First RAAF PC-21 completes maiden flight

PC-21-Australia-First-Flight-Media-Release (3)The first Pilatus PC-21 advanced trainer for the Royal Australian Air Force has completed its first flight.

Bearing both Swiss civil registration HB-HWA and its ADF military serial A54-001, the aircraft completed its first flight from Pilatus’s Stans, Switzerland facility on July 21.

“This initial flight of the first Australian PC-21, only seven months after contract signature, is a remarkable achievement and illustrates both the commitment of Pilatus and the hard work of all those involved in the project,” said Pilatus chairman Oscar Schwenk in a statement.

The first of 49 PC-21s being built for the ADF’s AIR 5428 Pilot Training System program, the aircraft is due be handed over to the RAAF at East Sale in June 2017 after completion of testing and verification work in Switzerland and Australia.

Prime contractor for the AIR 5428 project is Lockheed Martin, which has teamed with Pilatus and Hawker Pacific to deliver the new ADF pilot training system under a seven year, $1.2 billion contract signed in late 2015.

“This is a true testament to our teammate Pilatus and a proven aircraft that will form the backbone of future pilot training for the Australian Defence Force for the next 25 years. We offer our congratulations on this first significant step,” said Raydon Gates, chief executive, Lockheed Martin Australia and New Zealand.

Under AIR 5428 the PC-21 will replace both the ageing PC-9 advanced trainer, which has been in service since 1988, and the CT-4 currently used for basic training. The PC-9 is due to be withdrawn in 2019 after 30 years of service and more than 500,000 flying hours.

“Having worked directly with the Australian Defence Force for many years, I am delighted to see Pilatus continuing to deliver outstanding service,” Markus Bucher, CEO of Pilatus, said.

“The first flight of this aircraft, the very first Australian PC-21, marks a very significant chapter in the continuing relationship between the Commonwealth and Pilatus. We look forward to many more.”

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Comments

  1. Andrew says

    I’m curious if any of the PC9s will be released the civil market. Don’t want to see another long serving RAAF aircraft turned into landfill

  2. Graham says

    Quote:
    Andrew says
    July 22, 2016 at 11:49 am

    I’m curious if any of the PC9s will be released the civil market. Don’t want to see another long serving RAAF aircraft turned into landfill.

    Andrew, that will be highly doubtful. Many of the airframes are reaching their maximum life limit.
    It is actually becoming a problem for RAAF engineers.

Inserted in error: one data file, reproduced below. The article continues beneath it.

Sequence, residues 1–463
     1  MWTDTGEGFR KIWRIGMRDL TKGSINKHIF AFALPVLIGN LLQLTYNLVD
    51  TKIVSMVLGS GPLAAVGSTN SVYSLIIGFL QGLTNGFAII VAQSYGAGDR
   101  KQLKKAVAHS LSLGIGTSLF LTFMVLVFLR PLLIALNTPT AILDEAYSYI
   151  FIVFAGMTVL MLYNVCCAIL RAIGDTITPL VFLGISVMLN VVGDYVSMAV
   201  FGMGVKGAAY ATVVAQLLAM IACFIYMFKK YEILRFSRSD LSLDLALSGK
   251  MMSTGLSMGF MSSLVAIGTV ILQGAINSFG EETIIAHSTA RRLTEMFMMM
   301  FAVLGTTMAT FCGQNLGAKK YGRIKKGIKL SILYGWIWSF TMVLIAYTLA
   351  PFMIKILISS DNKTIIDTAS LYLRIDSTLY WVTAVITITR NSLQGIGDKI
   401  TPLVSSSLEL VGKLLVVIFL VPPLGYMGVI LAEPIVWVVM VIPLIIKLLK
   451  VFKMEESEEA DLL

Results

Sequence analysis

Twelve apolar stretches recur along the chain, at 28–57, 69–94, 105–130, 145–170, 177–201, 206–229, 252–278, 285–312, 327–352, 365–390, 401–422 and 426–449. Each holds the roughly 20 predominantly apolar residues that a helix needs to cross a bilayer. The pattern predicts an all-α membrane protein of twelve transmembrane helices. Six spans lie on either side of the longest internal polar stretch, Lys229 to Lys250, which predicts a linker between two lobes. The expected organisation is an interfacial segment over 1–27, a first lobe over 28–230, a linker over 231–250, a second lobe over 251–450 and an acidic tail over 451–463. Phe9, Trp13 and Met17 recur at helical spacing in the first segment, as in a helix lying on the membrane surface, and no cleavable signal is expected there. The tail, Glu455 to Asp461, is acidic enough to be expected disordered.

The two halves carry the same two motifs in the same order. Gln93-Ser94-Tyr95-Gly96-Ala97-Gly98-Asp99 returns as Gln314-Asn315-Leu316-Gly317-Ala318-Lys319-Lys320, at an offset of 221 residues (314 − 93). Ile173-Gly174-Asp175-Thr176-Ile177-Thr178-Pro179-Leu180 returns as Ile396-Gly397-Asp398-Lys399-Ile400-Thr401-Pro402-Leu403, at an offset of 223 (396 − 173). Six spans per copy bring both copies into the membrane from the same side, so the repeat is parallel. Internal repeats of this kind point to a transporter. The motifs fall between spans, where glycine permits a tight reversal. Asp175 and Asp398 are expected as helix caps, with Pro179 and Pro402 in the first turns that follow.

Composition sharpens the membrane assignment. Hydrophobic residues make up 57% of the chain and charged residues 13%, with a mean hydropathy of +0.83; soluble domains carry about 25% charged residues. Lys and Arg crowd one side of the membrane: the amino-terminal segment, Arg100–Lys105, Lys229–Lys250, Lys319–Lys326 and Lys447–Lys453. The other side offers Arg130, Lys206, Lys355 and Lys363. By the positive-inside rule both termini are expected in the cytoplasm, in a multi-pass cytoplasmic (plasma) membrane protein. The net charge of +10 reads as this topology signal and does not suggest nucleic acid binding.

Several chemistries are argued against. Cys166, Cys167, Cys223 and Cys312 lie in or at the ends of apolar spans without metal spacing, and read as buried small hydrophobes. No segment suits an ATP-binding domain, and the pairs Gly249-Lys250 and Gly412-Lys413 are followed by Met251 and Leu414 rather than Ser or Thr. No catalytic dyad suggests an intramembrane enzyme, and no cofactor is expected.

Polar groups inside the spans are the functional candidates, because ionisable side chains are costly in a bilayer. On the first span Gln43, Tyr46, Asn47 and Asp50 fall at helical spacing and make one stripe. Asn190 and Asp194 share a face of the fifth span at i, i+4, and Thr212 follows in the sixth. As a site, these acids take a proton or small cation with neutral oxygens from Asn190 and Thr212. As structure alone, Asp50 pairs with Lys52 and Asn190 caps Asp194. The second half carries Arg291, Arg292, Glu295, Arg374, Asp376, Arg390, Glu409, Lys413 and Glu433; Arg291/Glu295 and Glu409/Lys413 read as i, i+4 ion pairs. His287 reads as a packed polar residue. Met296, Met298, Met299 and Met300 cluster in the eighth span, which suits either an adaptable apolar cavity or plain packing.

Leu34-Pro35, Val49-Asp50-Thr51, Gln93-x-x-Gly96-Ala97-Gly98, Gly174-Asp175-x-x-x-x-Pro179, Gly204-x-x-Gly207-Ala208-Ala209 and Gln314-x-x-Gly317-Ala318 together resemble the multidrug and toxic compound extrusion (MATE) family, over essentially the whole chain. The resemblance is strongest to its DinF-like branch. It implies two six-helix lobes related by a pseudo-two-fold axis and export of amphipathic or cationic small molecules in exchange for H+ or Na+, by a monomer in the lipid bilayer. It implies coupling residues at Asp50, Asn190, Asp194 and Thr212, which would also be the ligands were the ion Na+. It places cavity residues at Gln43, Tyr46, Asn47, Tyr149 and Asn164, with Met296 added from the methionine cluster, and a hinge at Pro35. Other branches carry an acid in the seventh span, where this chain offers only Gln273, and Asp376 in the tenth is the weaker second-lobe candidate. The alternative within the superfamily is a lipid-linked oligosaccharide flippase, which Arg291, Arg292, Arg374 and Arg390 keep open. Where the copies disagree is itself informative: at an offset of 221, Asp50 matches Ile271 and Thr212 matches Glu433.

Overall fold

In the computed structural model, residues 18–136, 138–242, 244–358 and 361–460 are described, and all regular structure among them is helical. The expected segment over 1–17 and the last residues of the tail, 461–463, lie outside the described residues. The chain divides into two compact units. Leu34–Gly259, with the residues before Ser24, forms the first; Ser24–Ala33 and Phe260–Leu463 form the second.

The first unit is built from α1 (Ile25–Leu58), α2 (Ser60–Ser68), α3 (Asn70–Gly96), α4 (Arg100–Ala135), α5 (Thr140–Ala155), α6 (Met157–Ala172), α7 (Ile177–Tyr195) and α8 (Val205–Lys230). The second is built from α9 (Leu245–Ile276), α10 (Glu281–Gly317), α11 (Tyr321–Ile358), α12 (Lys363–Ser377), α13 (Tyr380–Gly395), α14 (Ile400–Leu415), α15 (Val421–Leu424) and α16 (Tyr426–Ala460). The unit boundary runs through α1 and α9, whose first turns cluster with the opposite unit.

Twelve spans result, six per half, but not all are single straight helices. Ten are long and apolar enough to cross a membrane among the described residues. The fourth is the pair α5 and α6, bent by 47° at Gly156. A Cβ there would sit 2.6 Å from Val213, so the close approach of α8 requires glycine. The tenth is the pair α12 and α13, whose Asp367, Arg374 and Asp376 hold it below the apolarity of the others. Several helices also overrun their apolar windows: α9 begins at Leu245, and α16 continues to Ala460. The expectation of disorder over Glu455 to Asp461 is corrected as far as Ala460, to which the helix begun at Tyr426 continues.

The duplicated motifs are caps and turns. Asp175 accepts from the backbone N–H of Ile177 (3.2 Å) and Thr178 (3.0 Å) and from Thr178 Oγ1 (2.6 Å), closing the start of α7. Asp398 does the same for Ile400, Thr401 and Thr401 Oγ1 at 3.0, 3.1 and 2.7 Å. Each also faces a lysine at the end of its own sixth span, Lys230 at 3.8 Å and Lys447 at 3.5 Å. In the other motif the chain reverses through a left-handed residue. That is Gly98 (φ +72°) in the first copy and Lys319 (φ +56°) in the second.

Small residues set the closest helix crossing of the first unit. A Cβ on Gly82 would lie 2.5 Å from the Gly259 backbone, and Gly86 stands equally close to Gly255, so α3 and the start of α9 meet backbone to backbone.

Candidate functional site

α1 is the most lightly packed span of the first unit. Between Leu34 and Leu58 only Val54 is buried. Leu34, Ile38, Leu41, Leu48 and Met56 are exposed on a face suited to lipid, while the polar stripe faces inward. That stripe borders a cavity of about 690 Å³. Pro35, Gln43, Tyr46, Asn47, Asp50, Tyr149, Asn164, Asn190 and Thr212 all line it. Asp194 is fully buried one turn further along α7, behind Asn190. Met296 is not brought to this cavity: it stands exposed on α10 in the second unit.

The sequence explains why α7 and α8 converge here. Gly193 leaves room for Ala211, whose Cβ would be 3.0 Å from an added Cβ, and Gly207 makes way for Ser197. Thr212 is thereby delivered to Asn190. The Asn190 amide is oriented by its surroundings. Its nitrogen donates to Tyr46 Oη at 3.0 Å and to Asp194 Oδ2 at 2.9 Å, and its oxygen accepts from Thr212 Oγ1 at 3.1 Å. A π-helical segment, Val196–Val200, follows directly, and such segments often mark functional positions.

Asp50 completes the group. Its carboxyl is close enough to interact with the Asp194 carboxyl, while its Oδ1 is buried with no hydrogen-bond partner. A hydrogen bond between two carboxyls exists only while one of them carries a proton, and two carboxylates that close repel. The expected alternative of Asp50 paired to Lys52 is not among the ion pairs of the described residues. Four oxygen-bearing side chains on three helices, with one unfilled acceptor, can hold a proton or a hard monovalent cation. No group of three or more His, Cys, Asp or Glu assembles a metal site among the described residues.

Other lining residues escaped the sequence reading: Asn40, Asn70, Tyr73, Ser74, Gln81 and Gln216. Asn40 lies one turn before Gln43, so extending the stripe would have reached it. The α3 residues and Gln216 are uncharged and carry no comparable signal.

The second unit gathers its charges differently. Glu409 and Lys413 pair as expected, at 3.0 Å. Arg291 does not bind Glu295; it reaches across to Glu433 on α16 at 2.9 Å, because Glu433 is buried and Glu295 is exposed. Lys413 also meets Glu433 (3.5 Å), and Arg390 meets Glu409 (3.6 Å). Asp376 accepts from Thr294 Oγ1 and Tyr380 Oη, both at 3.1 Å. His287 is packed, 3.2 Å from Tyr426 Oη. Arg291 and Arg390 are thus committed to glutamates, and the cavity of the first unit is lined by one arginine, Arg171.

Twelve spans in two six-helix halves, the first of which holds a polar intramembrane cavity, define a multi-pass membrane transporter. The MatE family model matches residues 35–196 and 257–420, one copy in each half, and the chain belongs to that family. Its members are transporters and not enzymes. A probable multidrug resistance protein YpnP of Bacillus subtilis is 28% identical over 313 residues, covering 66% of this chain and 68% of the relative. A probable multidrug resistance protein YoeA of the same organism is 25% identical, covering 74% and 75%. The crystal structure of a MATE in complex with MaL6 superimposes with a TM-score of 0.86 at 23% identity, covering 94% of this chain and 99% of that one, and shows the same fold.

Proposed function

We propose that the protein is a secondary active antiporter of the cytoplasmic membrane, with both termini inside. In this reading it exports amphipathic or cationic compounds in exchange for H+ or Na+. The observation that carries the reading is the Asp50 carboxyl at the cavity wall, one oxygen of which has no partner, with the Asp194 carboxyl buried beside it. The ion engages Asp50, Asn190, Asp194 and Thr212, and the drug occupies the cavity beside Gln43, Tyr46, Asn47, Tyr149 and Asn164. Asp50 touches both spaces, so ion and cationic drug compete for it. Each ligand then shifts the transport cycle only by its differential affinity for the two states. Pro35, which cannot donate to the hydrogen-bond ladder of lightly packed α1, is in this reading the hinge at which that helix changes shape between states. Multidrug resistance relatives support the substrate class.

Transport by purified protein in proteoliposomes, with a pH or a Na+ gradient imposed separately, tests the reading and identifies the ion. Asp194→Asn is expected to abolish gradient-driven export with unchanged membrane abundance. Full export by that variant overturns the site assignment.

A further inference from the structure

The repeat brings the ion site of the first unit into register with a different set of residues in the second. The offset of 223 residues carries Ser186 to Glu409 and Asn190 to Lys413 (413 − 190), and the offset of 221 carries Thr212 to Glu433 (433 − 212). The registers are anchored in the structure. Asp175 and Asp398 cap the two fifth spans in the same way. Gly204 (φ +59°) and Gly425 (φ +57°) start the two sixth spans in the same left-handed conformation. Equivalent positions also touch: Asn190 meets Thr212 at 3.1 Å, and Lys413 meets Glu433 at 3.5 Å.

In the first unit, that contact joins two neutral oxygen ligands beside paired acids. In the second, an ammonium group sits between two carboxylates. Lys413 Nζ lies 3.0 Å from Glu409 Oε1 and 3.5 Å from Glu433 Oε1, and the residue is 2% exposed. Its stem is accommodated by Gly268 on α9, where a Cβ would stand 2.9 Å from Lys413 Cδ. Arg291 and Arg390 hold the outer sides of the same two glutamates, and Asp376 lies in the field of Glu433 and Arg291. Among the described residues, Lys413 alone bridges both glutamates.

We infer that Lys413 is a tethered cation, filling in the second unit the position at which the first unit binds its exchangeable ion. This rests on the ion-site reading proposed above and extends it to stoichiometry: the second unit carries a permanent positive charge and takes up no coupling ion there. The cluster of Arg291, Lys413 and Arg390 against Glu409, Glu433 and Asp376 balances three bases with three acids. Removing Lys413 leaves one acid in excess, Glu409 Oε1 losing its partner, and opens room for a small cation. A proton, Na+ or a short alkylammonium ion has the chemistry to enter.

Even if you could buy one, you wouldn’t want to fly it!
    Satisfying CASA civil airworthiness requirements, would be an incredibly costly venture.

    Once 2019 comes around, these airframes will only be useful as a museum piece, instructional airframe, or scrap metal.

  3. Daryl says

    I am curious about this being called a replacement for the CT4.This thing is a bit high performance for a basic trainer isn’t it.They used to say the PC9 had a performance similar to a P51,I assume this new aircraft is even better.

  4. Fabian says

    I heard that Germany, Italy and Spain were creating new trainer aircraft, both prop and jets for certain air forces around the world. Plus South Korea as a new jet trainer aircraft. The RAAF has many options to choose from although it will happen in 2020. 4 years away. The defence force has time.

  5. Paul says

    I will be interested in watching the success, or otherwise, of AIR 5428. I seem to recall that the CT-4A was phased out for ab-initio pilots to go straight to PC-9’s, but then had to reconsider hence the BFTS and CT-4B.

  6. Raymond says

    I understand the PC-21 can be detuned / derated to provide characteristics more suitable for basic training, then reconfigured to high performance for advanced training.

  7. George B says

    Is 49 enough to supply replacement “Roulettes” aircraft? Or do they get to to keep the PC-9 aircraft with the lowest hours?

  8. David P says

    Regarding the basic training comments… The sim component of the overall PTS is large.

    I think the ab-initios will get a LOT of sim hours under their belt before they feel the wind beneath their wings (so to speak)

  9. Jason says

    Wish I had a dollar for every time someone had asked on AA’s pages whether the PC-21 will be operated by the Roulettes!

  10. Fabian says

    It will be operated by the roulettes. The roulettes always move on to other advanced aircraft.

  11. says

    Good to see another RAAF acquisition going ahead smoothly. Perhaps its time for the Roulettes to go back to jets? A Hawk team would be something to see!